“when I Heard Palliative Care, I Heard Hospice”: Parents’ Experiences With Pediatric Palliative Care Consultation In The Neonatal Intensive Care Unit

Title

“when I Heard Palliative Care, I Heard Hospice”: Parents’ Experiences With Pediatric Palliative Care Consultation In The Neonatal Intensive Care Unit

Creator

Currie E; Bakitas M; Perna S; Christian B; Meneses K

Identifier

DOI: http://dx.doi.org/10.1016/j.jpainsymman.2015.12.051

Publisher

Journal Of Pain And Symptom Management

Date

2016

Description

Objectives
Describe the role of pediatric palliative care
consultation in the neonatal intensive care unit
(NICU) setting.
Describe parent experiences with a pediatric palliative
care consultation in the NICU and implications
for practice and further research efforts.
Background. In 2013, 23,440 infants died in the US;
most deaths occurred in the first 28 days of life. Pediatric
palliative care consultation (PPC) in the neonatal
intensive care unit (NICU) may provide much needed
support for these infants and parents. Early in the critical
illness trajectory, PPC may assist with parental decision-making.
However, there is a paucity of research
on parental perceptions of PPC and why these services
may be underused in the NICU until death is
imminent.
Research Objectives. To describe parents’ experiences
with a PPC prior to their infant’s death in the
NICU.
Methods. In this descriptive qualitative study, we conducted
individual audio-recorded, semi-structured interviews
with a convenience sample of parents
(N¼10) from a children’s hospital in the Southeastern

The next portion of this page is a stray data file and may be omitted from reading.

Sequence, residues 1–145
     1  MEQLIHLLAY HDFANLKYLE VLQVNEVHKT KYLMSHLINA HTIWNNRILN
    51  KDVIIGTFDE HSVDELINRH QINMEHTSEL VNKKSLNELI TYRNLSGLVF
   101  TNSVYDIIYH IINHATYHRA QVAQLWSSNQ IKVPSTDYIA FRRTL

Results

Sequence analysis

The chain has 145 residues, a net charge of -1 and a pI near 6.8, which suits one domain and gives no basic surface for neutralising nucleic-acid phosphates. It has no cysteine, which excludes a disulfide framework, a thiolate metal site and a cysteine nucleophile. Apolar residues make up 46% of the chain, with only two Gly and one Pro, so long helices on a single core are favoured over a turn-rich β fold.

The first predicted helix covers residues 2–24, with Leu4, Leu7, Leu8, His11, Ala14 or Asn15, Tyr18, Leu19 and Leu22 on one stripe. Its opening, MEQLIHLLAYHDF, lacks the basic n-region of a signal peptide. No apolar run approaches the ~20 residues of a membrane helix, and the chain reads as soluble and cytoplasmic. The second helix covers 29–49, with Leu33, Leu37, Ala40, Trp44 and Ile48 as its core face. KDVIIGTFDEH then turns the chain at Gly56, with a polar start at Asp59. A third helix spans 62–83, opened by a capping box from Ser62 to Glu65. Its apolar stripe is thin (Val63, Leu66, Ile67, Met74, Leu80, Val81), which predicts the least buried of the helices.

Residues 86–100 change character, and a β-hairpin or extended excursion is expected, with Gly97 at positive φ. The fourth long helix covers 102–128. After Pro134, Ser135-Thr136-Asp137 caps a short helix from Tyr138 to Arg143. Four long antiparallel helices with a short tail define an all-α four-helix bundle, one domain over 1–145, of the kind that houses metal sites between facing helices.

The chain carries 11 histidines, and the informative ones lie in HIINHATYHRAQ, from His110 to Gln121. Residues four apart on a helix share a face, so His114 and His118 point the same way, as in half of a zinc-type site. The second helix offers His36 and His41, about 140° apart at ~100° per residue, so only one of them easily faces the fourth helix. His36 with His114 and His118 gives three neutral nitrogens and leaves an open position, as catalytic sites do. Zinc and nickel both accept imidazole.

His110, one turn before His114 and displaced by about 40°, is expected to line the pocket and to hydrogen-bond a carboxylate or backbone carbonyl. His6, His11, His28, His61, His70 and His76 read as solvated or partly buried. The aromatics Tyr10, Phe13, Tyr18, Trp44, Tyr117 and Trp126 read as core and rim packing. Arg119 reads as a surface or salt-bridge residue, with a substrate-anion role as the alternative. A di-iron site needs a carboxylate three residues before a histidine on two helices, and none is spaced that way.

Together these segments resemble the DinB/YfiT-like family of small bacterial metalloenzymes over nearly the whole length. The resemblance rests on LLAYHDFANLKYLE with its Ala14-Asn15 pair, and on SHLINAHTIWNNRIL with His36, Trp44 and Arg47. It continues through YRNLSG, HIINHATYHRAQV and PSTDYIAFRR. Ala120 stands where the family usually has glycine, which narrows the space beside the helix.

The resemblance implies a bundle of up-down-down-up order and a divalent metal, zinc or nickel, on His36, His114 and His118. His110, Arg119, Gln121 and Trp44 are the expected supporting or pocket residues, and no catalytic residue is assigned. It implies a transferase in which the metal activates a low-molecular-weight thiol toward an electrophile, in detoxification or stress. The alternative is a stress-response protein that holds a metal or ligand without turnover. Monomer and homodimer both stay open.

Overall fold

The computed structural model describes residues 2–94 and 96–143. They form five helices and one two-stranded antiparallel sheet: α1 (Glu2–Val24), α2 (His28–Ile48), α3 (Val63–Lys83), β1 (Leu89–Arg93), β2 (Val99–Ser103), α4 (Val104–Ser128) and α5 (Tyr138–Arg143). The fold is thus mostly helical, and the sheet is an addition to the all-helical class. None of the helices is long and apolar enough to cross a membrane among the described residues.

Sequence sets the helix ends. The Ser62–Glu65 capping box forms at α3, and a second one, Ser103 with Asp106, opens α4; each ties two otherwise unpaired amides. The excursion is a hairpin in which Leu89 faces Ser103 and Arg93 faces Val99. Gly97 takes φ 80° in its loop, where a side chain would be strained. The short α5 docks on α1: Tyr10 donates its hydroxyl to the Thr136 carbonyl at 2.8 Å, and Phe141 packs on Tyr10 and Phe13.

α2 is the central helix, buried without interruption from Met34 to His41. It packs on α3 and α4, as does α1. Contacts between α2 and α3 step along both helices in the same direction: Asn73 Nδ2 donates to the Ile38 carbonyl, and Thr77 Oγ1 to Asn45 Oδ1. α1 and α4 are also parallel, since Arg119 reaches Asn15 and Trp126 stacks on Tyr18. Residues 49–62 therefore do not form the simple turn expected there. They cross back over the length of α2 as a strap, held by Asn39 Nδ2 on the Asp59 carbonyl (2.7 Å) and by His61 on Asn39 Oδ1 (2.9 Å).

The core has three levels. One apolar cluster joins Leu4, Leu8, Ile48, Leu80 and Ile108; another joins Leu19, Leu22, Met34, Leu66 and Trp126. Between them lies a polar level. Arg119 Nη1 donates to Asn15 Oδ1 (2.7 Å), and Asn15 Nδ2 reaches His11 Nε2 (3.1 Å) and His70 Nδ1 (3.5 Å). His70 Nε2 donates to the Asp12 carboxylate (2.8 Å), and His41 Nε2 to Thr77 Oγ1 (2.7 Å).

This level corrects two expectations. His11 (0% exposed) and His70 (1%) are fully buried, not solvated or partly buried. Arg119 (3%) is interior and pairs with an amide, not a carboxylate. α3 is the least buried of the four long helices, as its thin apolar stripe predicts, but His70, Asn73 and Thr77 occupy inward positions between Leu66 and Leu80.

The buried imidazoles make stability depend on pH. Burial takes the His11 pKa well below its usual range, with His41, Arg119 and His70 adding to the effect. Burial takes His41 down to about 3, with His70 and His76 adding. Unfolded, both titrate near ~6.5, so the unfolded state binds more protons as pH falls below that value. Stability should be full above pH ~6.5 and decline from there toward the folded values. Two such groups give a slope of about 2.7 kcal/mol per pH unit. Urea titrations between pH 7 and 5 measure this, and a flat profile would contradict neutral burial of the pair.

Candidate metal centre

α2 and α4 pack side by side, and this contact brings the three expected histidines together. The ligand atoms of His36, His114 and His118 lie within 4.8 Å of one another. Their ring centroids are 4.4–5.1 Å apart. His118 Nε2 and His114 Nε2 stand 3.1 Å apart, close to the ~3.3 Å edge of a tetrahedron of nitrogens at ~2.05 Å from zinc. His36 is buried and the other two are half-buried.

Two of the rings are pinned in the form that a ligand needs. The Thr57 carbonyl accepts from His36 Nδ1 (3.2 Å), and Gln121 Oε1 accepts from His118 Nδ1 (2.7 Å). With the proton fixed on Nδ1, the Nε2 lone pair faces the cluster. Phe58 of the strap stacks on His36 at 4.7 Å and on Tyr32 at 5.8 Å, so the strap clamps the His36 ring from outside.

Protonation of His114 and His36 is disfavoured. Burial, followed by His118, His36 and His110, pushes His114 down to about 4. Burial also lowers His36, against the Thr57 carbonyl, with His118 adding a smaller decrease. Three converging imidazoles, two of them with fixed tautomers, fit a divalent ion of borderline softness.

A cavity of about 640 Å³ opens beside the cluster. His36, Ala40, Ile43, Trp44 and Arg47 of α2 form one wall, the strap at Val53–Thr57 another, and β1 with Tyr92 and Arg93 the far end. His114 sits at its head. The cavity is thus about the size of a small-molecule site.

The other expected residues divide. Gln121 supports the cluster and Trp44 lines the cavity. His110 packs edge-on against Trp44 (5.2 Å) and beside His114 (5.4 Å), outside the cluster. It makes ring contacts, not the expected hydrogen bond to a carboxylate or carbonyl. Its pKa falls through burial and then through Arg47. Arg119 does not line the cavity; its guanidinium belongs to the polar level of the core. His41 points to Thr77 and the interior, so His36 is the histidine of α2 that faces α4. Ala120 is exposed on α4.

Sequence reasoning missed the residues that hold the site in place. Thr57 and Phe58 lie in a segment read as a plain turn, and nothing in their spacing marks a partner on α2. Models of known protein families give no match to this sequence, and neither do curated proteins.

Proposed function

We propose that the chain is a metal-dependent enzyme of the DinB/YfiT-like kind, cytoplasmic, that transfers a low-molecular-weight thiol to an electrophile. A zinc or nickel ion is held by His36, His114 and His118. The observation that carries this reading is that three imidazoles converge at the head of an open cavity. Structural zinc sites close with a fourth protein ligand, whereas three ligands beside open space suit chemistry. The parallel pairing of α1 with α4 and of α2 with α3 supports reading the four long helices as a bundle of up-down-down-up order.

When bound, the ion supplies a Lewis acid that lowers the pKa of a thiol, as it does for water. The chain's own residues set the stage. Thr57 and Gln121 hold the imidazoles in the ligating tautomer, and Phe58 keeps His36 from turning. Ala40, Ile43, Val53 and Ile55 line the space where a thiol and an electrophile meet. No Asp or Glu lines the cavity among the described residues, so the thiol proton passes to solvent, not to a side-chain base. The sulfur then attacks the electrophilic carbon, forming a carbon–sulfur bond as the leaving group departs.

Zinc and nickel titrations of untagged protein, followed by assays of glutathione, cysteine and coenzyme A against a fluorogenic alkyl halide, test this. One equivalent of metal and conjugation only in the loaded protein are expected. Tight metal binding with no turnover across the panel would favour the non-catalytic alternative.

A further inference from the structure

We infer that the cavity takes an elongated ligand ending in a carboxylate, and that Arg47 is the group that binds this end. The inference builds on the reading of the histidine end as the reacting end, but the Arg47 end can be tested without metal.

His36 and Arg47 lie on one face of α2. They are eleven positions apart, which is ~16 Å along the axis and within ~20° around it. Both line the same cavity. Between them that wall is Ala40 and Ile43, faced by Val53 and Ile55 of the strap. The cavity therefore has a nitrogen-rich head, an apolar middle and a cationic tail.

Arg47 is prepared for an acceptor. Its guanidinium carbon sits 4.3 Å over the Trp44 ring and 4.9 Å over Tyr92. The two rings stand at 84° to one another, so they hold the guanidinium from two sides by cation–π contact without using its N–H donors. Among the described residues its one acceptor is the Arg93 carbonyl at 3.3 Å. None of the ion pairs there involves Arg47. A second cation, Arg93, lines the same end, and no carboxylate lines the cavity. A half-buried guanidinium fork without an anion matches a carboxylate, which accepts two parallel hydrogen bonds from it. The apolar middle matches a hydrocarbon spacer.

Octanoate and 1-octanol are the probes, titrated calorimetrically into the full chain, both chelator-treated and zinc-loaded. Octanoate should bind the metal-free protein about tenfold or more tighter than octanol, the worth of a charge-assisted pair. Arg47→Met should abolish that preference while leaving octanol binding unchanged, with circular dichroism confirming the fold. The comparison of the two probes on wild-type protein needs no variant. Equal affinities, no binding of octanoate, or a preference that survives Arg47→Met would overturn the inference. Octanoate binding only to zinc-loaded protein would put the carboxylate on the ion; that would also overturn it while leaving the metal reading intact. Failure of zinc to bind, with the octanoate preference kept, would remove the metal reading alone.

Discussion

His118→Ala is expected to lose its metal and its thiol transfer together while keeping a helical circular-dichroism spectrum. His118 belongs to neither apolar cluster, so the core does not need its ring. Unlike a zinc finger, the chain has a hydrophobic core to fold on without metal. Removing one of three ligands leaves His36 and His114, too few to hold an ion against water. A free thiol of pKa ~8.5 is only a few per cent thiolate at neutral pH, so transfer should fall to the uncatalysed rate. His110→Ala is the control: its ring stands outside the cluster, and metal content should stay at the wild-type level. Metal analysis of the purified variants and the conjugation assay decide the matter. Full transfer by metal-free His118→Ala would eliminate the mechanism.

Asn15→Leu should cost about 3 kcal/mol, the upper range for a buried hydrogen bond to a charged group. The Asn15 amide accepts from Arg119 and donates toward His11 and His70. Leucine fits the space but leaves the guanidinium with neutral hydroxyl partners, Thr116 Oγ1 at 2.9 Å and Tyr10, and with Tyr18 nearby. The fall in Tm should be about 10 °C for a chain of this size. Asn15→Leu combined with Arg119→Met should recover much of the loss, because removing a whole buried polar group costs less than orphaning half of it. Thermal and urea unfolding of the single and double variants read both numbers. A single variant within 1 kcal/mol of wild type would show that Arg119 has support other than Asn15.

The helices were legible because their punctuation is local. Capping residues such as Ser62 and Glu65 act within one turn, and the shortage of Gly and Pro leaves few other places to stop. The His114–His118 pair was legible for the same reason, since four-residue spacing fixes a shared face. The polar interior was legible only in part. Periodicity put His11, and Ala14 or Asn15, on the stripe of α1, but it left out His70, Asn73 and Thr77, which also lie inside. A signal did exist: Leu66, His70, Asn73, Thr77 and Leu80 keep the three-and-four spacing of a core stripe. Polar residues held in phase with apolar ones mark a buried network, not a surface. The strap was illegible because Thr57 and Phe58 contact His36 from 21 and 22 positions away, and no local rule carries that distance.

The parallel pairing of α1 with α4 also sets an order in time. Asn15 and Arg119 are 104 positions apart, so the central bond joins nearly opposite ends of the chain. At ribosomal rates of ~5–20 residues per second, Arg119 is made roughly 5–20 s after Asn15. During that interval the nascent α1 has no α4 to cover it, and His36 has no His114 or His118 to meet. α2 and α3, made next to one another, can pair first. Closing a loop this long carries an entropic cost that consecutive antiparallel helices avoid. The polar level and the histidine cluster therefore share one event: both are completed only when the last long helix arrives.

US approximately four years after infant death. Upon
reaching thematic saturation, verbatim transcribed interviews
were verified for accuracy, coded, and content
analyzed using qualitative descriptive methods. We
used member-checking to enhance trustworthiness
of the findings.
Results. Six of 10 parents had formal PPC. Most PPC
occurred near the end of life, and parents’ reported
‘‘negative connotations’’ associated with the consult
initially, such as losing hope of curative treatment.
However, all parents who received PPC would recommend
this service to other parents and found PPC as
a helpful layer of support. Specific positive experiences
included: feeling like they had an extra advocate,
a non-judgmental sounding board, and
‘‘another support branch.’’
Conclusions. PPC is often not considered until very
near death, and parents’ identified PPC as a marker
of transition from curative to end-of-life care. Nevertheless,
parents found PPC to be valuable and would
recommend it to other parents.
Implications for Research, Policy or
Practice. Further research is necessary to understand
the factors that influence parental perceptions of PPC
and how to identify opportunities for earlier PPC integration
in the NICU.

Rights

Article information provided for research and reference use only. PedPalASCNET does not hold any rights over the resource listed here. All rights are retained by the journal listed under publisher and/or the creator(s).

Citation List Month

March 2016 List

Citation

Currie E; Bakitas M; Perna S; Christian B; Meneses K, ““when I Heard Palliative Care, I Heard Hospice”: Parents’ Experiences With Pediatric Palliative Care Consultation In The Neonatal Intensive Care Unit,” Pediatric Palliative Care Library, accessed July 25, 2021, https://pedpalascnetlibrary.omeka.net/items/show/10549.

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